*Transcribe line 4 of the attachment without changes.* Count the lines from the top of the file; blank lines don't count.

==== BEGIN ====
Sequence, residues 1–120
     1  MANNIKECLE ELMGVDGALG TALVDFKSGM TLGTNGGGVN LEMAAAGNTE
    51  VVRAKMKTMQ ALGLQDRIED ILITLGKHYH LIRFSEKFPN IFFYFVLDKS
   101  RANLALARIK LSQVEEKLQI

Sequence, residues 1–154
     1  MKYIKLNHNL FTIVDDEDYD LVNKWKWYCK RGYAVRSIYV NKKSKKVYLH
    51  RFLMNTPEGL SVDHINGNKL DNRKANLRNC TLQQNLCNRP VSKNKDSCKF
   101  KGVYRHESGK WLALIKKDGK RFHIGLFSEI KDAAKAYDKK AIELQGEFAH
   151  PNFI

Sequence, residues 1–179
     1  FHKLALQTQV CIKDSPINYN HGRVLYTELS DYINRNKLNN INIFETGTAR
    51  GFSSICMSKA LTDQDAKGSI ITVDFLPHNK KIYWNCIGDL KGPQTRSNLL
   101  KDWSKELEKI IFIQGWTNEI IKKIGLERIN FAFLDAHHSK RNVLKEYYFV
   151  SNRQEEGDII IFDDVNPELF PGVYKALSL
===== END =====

   101  RANLALARIK LSQVEEKLQI